In contrast to single-stage picking, with two-stage picking several orders are bundled into one overall order, a so-called commission, article-oriented picking and only later order-oriented packed. The use of a downstream sorting instance allows the order to be largely detached from the order reference during picking.

In two-stage picking, the processes of picking and compiling customer orders are handled separately. As a rule, for different numbers of orders, the entire quantity of an identical article is selected simultaneously during picking – the so-called storage unit (carton or other container) only has to be started once in the best case.

Two-step picking: 10,000 articles in one batch not uncommon

Optimal use of multi-stage picking has much better efficiency than single-stage order picking. In the first stage, the overall order determines which articles are picked. In the second or third stage, the articles of the overall order are distributed to the individual customer orders. Usually, this process step uses special conveyor systems: So-called sorting and distribution systems, also known as sorters. Today, the latter have up to 800 chutes. Each chute transports up to five orders to the packer. There, the individual articles are merged according to the orders.

Two-stage picking is used for article-oriented picking.
Two-stage order picking stands for optimal route utilization.

By eliminating the order reference, the filling level of the individual picking container can be increased considerably. Batches of only up to six orders were standard at that time. Today, up to 10,000 articles are bundled into one batch. Furthermore, there is no need to move each container sequentially through the entire warehouse. The container frequencies in the individual storage areas drop sharply, and the performance limits of the conveyor system are less stressed. Sorting to the individual orders can be handled either by a fully automatic sorter, such as a linear sorter or by manual sorting picking at special sorting stations.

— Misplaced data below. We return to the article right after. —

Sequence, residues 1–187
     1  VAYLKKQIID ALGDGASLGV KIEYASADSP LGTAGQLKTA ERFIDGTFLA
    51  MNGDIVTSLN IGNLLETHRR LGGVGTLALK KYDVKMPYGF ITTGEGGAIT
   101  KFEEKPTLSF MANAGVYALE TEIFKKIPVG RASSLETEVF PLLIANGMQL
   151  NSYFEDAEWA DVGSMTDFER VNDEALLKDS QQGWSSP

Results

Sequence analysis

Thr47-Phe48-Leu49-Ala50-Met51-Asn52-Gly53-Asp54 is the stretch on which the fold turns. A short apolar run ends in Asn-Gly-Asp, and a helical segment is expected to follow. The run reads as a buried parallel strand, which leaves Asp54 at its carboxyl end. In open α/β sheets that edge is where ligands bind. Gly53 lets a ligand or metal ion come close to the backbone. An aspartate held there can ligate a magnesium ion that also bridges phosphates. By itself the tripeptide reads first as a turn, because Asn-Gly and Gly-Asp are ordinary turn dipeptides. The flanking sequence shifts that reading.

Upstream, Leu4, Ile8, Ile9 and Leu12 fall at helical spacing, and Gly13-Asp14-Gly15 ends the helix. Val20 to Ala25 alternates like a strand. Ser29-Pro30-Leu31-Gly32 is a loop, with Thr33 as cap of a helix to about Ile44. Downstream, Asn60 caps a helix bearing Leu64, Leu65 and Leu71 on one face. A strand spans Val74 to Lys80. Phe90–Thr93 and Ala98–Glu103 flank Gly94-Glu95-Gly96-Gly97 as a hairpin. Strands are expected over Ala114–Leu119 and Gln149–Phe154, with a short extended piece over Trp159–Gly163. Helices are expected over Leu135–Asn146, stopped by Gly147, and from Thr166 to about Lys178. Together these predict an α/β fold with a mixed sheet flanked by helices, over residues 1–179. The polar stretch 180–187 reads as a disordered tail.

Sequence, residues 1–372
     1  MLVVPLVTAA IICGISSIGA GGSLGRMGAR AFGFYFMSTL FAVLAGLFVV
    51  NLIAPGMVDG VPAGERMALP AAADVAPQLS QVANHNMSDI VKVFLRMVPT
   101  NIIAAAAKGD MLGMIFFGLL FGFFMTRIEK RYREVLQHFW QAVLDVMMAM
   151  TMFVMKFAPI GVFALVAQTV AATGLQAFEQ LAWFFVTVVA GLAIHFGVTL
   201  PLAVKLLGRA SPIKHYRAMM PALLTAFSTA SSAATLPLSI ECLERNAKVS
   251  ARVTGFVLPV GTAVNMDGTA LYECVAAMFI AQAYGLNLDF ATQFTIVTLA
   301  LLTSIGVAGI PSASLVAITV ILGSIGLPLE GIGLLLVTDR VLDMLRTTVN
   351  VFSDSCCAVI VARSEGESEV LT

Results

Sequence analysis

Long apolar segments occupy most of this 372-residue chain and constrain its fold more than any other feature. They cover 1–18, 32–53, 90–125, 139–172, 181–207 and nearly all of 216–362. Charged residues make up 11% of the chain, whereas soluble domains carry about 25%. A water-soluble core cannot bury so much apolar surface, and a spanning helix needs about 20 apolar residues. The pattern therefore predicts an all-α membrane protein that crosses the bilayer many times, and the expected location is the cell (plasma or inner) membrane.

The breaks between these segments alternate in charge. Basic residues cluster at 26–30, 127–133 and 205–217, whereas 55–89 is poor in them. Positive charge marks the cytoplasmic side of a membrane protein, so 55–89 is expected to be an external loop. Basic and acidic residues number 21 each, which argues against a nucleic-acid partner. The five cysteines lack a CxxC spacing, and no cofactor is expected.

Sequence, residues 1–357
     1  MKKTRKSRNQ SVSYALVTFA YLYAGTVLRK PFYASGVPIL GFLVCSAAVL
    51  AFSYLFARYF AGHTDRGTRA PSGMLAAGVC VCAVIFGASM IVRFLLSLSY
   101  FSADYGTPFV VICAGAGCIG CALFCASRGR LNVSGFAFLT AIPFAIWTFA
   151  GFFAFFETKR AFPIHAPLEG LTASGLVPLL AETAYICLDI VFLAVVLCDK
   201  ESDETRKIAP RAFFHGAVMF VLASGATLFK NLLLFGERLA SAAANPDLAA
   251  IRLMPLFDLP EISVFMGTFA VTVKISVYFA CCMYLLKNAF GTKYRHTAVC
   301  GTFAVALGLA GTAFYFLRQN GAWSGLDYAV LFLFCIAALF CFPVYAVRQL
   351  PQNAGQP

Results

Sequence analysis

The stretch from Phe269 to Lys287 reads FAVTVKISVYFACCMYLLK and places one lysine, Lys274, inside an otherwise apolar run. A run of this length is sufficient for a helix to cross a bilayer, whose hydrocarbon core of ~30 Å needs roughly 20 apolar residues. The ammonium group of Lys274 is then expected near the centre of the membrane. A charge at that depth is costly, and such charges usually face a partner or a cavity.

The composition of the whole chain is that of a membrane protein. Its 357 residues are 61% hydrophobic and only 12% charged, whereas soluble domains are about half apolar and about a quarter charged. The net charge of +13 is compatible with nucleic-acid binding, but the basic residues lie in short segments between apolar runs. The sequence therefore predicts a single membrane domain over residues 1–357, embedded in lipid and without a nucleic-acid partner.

The author Timm Gudehus assumes the following for the economic efficiency of two-stage order picking – with a high number of orders:

  • Many orders (more than 1,000) with few items (two to five items per order)
  • Small withdrawal quantities (up to ten items) with a wide range from 10,000 items
  • Orders with many items or a large withdrawal quantity
  • Scheduled incoming orders with batch dispatch – up to four different dispatch cycles per day
  • Tangible and easy to handle piece goods or weights
  • Rush orders, orders with special handling
  • High workload per shift – at least eight hours

In his book “Logistik, Grundlagen, Strategien, Anwendungen”, 3., revised edition, Gudehus estimates that the prerequisites for two-stage picking are given, for example in the mail order business and pharmaceutical wholesale.

Michael ten Hompel and Thorsten Schmidt argue similarly. In the specialist book “Warehouse Management – Organisation and Control of Warehouse and Picking Systems”, both require the following characteristics for article-oriented picking: :

  • Good conveyability of the picking unit with similar dimensions and handling characteristics
  • Computer-aided order preparation and combination for sorting the picking units and allocation to customer orders
  • Sufficient compaction of incoming orders, i.e. sufficient quantity of orders for so-called stack formation with largely the same priority

To obtain a better comparison to single-stage order picking, one only has to consider the conventional process organization or the effort of a single order picking:

  • Base time: Acceptance of the order, sorting of documents if necessary, picking of containers, delivery of goods and containers as well as forwarding or processing of documents.
  • Picking time: Picking up the goods, lifting the goods, transporting or parking the goods or removal unit.
  • Dead time: reading, opening cartons, searching for and identifying goods, checking the goods and reacting to new orders and, if necessary, special orders.
  • Travel time: Driving or going to/from the acceptance point, removal point and delivery point. Important: The distance can be several kilometres per day. Well-programmed WMS software now tries to avoid long distances for employees.


For further information, read the articles Order Processing and Order Disposition in Intralogistics.

Teaser picture: tgw-group – Presse

Warehouse management - as simple as possible, as complex as necessary

Our WMS offers you an individually tailored, lean and process-oriented warehouse management.

Learn more about TUP.WMS

Also available in Deutsch (German)